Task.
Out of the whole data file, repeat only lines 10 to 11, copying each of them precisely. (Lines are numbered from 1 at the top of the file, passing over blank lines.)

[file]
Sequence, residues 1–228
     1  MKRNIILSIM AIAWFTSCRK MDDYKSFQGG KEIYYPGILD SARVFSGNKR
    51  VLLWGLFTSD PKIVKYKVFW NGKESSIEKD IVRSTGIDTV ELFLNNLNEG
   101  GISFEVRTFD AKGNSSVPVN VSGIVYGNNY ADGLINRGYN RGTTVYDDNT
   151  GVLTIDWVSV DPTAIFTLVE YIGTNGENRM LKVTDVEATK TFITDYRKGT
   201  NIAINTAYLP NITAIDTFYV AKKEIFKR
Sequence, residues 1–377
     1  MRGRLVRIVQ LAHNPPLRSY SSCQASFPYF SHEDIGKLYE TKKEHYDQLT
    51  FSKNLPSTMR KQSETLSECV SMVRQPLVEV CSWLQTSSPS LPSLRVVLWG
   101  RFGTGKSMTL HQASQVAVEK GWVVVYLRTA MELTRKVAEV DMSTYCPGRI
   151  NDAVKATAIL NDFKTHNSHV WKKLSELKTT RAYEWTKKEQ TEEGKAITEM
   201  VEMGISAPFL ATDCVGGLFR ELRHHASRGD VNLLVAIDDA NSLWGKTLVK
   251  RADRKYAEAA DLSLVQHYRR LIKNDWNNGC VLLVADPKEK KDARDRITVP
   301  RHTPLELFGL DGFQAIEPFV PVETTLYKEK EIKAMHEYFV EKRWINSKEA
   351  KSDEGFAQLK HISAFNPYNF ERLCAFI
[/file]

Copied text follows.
   101  RFGTGKSMTL HQASQVAVEK GWVVVYLRTA MELTRKVAEV DMSTYCPGRI
   151  NDAVKATAIL NDFKTHNSHV WKKLSELKTT RAYEWTKKEQ TEEGKAITEM